In addition to rank advancement and merit badges, Scouting recognizes achievements, skills, leadership, and service by both youths and adults through a variety of special awards. Recognition has been a fundamental part of Scouting from its beginning and serves not only to celebrate commitment and achievement but also to inspire others to strive for success.
The Nova awards recognize accomplishments in the STEM (Science, Technology, Engineering and Math). There are four Nova awards for Cub Scouts, Webelos Scouts, Boy Scouts, and Venturers. Each award covers one component of STEM—science, technology, engineering, or mathematics. For their first Nova award, Scouts earn the distinctive Nova award patch. The next three awards are each recognized with a separate pi (π) pin-on device that attaches to the patch.
Beyond the Nova awards, Cub Scouts, Boy Scouts, and Venturers are eligible to work on the more rigorous Supernova awards, which recognize more advanced work in STEM and recognized by a medal and a certificate.
Cub Scouts and Webelos Scouts have one Supernova award each. Boy Scouts can work toward two: The Dr. Bernard Harris Supernova Bronze Award and the Thomas Edison Supernova Silver Award. Venturers have three available: the Dr. Sally Ride Supernova Bronze Award, the Wright Brothers Supernova Silver Award, and the Dr. Albert Einstein Supernova Gold Award.
Several uniform insignia and awards are available to show a Scout’s involvement in the world Scouting movement: An emblem of the World Organization of the Scout Movement, the World Crest may be worn by all registered youth members and adult leaders as a symbol of their membership in a worldwide Scouting brotherhood.
Scouts are eligible to receive the World Conservation Award after completing the requirements for the following merit badges: Environmental Science, Citizenship in the World, and either Soil and Water Conservation or Fish and Wildlife Management.
For youth and adult leaders, the International Spirit Award seeks to broaden knowledge of international Scouting and increase appreciation and awareness of different cultures and countries. Requirements include earning the World Conservation Award, participating in Jamboree-on-the-Air or Jamboree-on-the-Internet events, raising funds for the World Friendship Fund, and seeking a number experiences to learning about Scouting in other countries.
The International Scouter’s Award encourages Scouters to broaden their involvement in Scouting through participation in world Scouting activities and recognizes Scouters for their contributions to world Scouting.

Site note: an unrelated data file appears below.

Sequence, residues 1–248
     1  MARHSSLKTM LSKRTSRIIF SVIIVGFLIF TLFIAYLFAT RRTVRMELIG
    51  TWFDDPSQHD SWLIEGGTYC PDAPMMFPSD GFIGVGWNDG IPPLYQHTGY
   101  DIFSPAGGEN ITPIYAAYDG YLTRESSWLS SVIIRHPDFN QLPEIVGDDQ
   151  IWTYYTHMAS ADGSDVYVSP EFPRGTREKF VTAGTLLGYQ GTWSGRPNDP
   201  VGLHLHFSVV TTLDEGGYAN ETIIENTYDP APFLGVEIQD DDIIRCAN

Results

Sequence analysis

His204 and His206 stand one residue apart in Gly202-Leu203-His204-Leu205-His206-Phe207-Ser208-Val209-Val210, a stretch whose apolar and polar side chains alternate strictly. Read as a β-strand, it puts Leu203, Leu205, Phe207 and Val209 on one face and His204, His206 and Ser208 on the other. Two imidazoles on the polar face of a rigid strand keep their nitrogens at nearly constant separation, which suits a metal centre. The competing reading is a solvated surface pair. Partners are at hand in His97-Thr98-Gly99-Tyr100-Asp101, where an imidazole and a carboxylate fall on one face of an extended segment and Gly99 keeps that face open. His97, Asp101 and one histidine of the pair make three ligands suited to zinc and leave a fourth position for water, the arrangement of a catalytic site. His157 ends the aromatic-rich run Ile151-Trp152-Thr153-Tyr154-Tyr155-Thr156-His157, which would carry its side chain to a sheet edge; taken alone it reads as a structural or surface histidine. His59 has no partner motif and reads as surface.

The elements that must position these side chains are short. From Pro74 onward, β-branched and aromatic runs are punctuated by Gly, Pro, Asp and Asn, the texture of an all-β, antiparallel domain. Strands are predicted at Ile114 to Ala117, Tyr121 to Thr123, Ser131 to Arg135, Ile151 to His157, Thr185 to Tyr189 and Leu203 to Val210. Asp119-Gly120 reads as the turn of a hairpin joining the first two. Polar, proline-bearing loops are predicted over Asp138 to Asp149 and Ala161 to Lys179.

The interpreter strip recognizes Scouts who are able to carry on a conversation in a foreign language or in sign language, write a letter in the foreign language (not required for signing), and translate orally and in writing from one language to another.
Silver Beaver Award
Introduced in 1931, The Silver Beaver recognizes distinguished service to a BSA council by registered Scouters who implement the Scouting program and perform community service through hard work, self-sacrifice, dedication, and many years of service. It is given to those who do not seek it.
To nominate an extraordinary Scouter within the Great Smoky Mountain Council, please complete a nomination form and mail, email, or deliver it to the council service center.
To encourage members to grow stronger in their faith, many religious groups have developed religious emblems programs. The Boy Scouts of America has approved these programs and allows the emblems to be worn on the official uniform. The various religious groups administer the programs and set requirements for study and service, completed under the guidance of a counselor. Contact the council service center or check the contact list at scouting.org for additional information.
National Outdoor Awards
The National Outdoor Awards program recognizes Boy Scouts and Venturers who are tough and disciplined enough to hike or ride the miles, camp the nights, run the rivers or lakes, or do the work to conserve the land. This series of six badges can be earned by Scouts and Venturers who demonstrate exemplary knowledge and experience in high-level outdoor activities in the areas of camping, aquatics, conservation, hiking, riding, or adventure.
Beyond these six segments, the National Medal for Outdoor Achievement is the highest recognition that a Boy Scout or Venturer can earn for exemplary achievement, experience, and skill in multiple areas of outdoor endeavor.
A tradition at Scout summer camps, the Mile Swim is a challenge that takes many Scouts several attempts to complete. The award requires not only swimming a measured mile without interruption but also participating in training and learning about the health benefits of swimming as exercise. The Mile Swim badge is worn on swim trunks rather than the official uniforms.